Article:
“I admin the Bryn Mawr group and was admin of the Lower Merion group prior to the sprout,” says Leila Vaughn, local attorney, mom, and active member of her Buy Nothing community, along with friend and fellow Buy Nothing advocate, Natalie Sicroff. “Natalie watches my child and watered my garden when we went away one summer. I recently watered her plants when she was away. She also hemmed pants for me! Another neighbor came to my home and helped me organize. One year I did Christmas with almost all gifts coming from Buy Nothing, and I hardly ever buy new clothing anymore. We also collect for people in need together and we help each other recycle.”

Along with creating a communal pot of goods and services on offer, and teaching children (and adults) about the simple beauty in fulfilling needs, saying yes, and giving of oneself, the Buy Nothing Project is a powerful way to address environmental factors. By replacing purchasing with gifting of existing goods, we reduce spending, consumption, and our carbon footprint. “Reduce, reuse, and recycle,” is the creed of Buy Nothing members, one that translates directly into action, diverting waste away from our oceans and landfills, by re-homing quality goods that would otherwise be “thrown away.”

“The joy comes from extending the life of an object to avoid it going to waste,” says Dara Lovitz, mom of two, author, and attorney, adding, “I love when someone to whom I gift an object sends me a photo of her child enjoying it. I do the same when I receive an item. It’s so gratifying to see someone appreciate what you gave her.”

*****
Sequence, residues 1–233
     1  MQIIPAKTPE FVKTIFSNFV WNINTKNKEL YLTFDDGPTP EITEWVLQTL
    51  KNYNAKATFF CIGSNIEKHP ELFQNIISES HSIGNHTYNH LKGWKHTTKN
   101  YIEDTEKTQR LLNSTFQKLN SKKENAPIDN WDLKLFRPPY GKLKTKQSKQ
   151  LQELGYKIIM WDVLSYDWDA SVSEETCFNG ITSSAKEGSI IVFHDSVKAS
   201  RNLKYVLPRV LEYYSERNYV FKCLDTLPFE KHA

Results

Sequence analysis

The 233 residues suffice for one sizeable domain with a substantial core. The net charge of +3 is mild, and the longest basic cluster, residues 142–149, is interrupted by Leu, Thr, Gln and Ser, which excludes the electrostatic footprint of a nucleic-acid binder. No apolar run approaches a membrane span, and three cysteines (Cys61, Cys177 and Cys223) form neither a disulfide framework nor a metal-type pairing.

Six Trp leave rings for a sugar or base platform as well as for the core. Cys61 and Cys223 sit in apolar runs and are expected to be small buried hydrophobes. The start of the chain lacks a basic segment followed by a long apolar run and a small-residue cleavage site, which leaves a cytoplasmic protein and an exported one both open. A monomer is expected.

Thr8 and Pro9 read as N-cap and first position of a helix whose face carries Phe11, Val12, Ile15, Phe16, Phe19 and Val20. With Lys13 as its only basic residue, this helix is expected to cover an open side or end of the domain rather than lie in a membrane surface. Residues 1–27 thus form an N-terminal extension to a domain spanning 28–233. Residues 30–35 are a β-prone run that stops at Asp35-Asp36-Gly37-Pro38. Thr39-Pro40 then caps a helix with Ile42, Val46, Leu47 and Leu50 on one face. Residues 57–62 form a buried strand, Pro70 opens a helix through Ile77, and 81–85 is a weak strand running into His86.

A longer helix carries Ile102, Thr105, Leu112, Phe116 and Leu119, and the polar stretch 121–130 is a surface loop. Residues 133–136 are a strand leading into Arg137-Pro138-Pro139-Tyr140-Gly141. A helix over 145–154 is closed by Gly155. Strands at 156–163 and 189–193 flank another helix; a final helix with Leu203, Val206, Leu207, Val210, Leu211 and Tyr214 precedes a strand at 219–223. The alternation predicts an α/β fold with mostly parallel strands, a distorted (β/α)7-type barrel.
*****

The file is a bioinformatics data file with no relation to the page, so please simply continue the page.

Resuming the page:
This seemingly revolutionary movement is truly about returning us to simpler times, when the world, and maybe even human intentions, were cleaner and kinder, when reaching out to ask or offer was taken for granted as the right thing, the best thing, to do. As the Buy Nothing Project states: “Buy nothing, gain everything.”

To join or start your local Buy Nothing Group, visit the Buy Nothing Project

“I love my Buy Nothing group. I can’t even begin to list it all. My group is full of the sort of folks who will say, “Going out to grab a coffee. Anyone want me to bring them a coffee this morning?” We’re super respectful, and our admin is amazing. The reduction of waste is insane and the sense of community is so strong. When people post ‘ISO,’ tons of folks respond to help. It’s a wonderful thing I’m proud to be a part of.”

~ Brittany Marie

“When I was moving I found the Buy Nothing group in my new town and instead of throwing out tons of beauty/hair products I didn’t like or never used I was able to donate them to some teenage girls who could appreciate them.”

~ Brit A. Row

“I love my Buy Nothing group. I have acquired some wonderful items. I have become friends in real life with someone I met in my local group.”

~ Laura Jacqueline  

“I LOVE my local Buy Nothing group – everyone is kind and helpful and when people are in need, everyone jumps in to help. I’m a teacher and I live in the community where I teach, and so many have gifted things for my classroom and students. I also LOVE being able to gift to others and knowing that my once loved things are not sitting somewhere, unused or trashed. It’s just a good feeling overall!”

~ Julie Reyes 


Contributing Writer

  • Lisa Lauer June 27, 2020

    My group has popped up at a time when life was just plain hard. The people in our group are so giving and kind. Our small community is feeling the ripple from the goodness that exists within the walls of this sweet group. I’m honored to be a part of such goodness.